Sun. Aug 14th, 2022

Black community group leaders met virtually earlier this week to organize a Toronto vigil for the BUffalo mass shotting victims.  They're also calling for more ongoing support to combat anti-Black racism and hate, and address racial trauma.

A vigil against anti-Black hatred in remembrance of the victims of the May 14 mass shooting in Buffalo will be held in downtown Toronto Thursday evening, May 19.

Organized by a coalition of 21 Black-led and Black-serving organizations and foundations from across the Greater Toronto Area, the gathering will get underway at 6 pm at Nathan Phillips Square, 100 Queen St. W. at Bay Street.

All are welcome to come together to mourn, and show support and solidarity with the families, friends, and Black communities grieving the victims of this mass shooting, which killed 10 people and injured three others. Eleven of the 13 victims are Black.

The U.S. Department of Justice is investigating this incident, which occurred in and around a Tops supermarket in one of Buffalo’s predominantly Black neighborhoods, as a hate crime and an “act of racially-motivated violent extremism.”

Payton Gendron, 18, of Conklin, New York, has been arrested and charged with first-degree murder.

Aside from hosting a vigil in Toronto, the team of Black leaders is also calling it out and condemning racially motivated hate crimes and acts of violent extremism, which are on the rise in Canada as seen in recent deadly attacks committed against Muslims in London, Ontario and Quebec City.

“This heinous act (in Buffalo) reminds us that the threat of racially motivated violence and hatred is a constant and increasing reality for Black communities. This atrocity is simply the most recent in a long history of unrelenting and consistent brutality against Black communities across North America rooted in anti-Black hate, ”the group wrote.

“This latest attack reminds us that anti-Black hate, white supremacy, replacement theory and far-right extremism continue to make even the most basic activities unsafe for Black people, such as shopping for Sunday dinner.”

Alica Hall, the executive director of west Toronto’s Nia Center for the Arts, is part of the organizing team, whose primary members also include Foundation for Black Communities, Justice Fund Toronto, Network for the Advancement of Black Communities, BlackNorth Initiative, and Ontario Coalition of Agencies Serving Immigrants.

She said it’s imperative to keep working to address anti-Black hate, white supremacy and far-right extremism here in Canada and everywhere.

“What happened in Buffalo is not an isolated incident. These ideologies and narratives are just a click away, ”Hall said, pointing to racist, intolerant rhetoric that is readily available online.

“We know Canadians are participating in these kinds of communities.”

The coalition has prepared a list of recommendations for all levels of government, which they said are “part of the necessary and critical steps we must take to counter the rise in anti-Black racism, white supremacy, far-right extremism and hate crimes targeting our communities. ”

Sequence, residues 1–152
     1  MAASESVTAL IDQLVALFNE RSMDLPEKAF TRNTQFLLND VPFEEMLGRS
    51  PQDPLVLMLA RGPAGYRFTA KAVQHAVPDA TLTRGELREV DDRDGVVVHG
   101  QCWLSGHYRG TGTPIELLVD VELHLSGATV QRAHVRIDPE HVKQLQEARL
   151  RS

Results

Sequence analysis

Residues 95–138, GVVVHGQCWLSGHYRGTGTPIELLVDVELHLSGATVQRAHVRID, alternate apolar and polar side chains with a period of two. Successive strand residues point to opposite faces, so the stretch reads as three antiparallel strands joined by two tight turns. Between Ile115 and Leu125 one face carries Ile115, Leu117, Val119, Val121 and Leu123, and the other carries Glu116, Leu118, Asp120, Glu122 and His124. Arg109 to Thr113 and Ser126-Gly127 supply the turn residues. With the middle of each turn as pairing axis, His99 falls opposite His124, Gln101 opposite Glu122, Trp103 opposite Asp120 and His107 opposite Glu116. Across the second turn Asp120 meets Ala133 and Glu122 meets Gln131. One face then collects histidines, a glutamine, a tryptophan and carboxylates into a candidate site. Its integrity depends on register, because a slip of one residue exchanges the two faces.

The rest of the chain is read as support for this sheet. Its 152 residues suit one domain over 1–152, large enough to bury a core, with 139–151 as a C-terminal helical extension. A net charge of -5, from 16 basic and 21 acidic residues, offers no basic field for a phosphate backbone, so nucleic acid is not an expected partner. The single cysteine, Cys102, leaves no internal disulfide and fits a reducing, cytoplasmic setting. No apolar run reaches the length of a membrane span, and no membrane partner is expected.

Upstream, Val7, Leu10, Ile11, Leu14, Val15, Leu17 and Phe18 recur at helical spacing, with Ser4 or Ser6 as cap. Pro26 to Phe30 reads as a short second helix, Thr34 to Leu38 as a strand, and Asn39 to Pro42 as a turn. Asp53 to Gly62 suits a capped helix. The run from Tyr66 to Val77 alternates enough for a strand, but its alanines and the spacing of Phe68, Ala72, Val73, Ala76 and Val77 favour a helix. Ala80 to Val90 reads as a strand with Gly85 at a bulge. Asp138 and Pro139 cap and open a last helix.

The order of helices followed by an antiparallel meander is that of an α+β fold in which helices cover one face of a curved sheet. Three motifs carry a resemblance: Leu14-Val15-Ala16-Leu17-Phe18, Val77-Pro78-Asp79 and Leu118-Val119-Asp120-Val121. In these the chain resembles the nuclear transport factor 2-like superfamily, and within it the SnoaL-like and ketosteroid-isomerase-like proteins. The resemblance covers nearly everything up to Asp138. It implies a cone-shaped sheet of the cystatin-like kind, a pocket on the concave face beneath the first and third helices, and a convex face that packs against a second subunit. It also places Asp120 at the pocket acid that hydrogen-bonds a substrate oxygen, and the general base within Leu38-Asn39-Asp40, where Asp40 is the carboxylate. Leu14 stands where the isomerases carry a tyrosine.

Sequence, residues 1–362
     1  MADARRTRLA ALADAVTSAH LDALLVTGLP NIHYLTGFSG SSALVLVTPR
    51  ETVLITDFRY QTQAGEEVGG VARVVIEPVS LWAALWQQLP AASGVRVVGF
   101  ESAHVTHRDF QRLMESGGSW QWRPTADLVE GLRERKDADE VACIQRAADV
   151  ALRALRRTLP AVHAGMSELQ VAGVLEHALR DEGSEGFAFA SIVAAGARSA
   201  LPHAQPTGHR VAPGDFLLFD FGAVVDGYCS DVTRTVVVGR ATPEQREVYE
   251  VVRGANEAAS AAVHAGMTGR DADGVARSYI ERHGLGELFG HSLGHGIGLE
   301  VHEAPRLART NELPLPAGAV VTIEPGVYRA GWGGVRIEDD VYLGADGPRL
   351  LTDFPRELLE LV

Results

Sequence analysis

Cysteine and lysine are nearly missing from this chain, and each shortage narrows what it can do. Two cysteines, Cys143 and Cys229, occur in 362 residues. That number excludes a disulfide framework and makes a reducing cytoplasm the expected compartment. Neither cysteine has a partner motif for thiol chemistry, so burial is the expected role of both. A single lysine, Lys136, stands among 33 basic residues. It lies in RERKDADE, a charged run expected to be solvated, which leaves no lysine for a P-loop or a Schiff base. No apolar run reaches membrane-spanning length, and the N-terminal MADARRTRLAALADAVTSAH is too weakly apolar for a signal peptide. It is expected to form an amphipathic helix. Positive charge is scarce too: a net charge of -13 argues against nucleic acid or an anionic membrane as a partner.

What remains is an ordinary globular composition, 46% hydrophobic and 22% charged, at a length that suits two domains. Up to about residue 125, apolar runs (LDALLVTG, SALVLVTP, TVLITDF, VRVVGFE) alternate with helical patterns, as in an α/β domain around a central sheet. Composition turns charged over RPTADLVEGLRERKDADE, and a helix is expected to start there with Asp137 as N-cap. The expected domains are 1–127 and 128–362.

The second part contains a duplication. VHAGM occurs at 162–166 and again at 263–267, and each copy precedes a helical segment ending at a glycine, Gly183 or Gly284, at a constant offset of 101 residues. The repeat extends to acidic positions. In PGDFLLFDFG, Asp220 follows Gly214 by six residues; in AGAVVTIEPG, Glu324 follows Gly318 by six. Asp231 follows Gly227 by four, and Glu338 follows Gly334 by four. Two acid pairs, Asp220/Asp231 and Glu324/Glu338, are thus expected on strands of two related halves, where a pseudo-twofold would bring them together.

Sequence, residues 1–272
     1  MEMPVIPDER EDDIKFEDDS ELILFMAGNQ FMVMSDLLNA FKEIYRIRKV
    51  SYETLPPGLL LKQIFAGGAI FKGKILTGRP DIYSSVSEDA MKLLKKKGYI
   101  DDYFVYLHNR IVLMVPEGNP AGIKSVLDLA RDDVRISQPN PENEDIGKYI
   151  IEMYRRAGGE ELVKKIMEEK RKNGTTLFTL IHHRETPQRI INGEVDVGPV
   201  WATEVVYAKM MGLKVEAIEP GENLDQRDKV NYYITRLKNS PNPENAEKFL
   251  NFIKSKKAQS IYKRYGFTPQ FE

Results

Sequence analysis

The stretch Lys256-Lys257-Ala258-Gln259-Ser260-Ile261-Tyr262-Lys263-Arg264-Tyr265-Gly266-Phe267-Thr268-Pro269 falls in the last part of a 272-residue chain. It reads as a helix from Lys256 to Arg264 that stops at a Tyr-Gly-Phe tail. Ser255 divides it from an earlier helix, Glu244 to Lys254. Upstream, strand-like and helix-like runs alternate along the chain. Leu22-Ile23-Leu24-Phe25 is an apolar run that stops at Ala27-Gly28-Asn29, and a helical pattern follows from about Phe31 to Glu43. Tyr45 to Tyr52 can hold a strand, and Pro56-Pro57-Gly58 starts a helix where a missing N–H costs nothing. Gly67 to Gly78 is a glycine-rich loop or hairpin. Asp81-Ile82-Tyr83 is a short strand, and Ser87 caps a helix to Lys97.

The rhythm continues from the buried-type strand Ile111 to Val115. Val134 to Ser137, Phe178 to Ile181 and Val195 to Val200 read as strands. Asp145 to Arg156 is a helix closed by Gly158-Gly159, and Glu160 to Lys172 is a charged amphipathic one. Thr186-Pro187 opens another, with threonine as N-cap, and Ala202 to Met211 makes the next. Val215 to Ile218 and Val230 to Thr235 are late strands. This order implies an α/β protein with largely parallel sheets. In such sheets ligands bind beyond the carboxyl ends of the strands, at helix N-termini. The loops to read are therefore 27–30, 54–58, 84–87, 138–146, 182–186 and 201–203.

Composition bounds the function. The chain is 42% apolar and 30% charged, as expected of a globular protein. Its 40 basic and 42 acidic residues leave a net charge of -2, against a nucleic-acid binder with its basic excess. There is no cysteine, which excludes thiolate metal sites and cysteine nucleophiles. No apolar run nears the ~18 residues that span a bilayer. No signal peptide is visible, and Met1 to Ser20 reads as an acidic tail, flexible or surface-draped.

They include:

1. Work with Black communities to ensure that concrete measures such as tackling hate speech and radicalization online to address anti-Black hate are incorporated in the National Action Plan on Combating Hate.

2. Every provincial and territorial government to establish an Anti-Black Racism Directorate / Office / Secretariat if one does not already exist.

3. The federal government ensures it works with Black communities to build on the gains of the United Nations Decade For People of African Descent as a permanent forum in accordance with the decision of the United Nations.

4. Expanding the Supporting Black Communities Initiative program to support community organizations assisting victims of anti-Black hate.

5. Continue to support the Mental Health of Black Canadians Fund with a focus on addressing racial trauma.

6. That the Minister of Justice and Attorney General of Canada accelerate and work closely with Black Canadian communities in the development of the Black Canadians Justice Strategy.

7. We urge the Federation of Canadian Municipalities to encourage its members to develop plans to combat anti-Black racism and hate in municipalities, similar to the work of Toronto’s Confronting Anti-Black Racism Unit.

Organizers went on to say that “ignorance and indifference, I do not know, and I do not care attitudes, can no longer be tolerated or prevail.”

“We must look for and erase all explicit and implicit racism in our societies – wherever it exists, whether it’s in our judicial systems, our educational systems, or in everyday life,” they said, adding the massacre in Buffalo “must never happen again . ”

“We demand actions that go beyond pledges and statements and instead demand strategies and solutions which must be co-developed with our communities and implemented by all institutions, organizations, and levels of government that address the root causes of anti-Black hate.”

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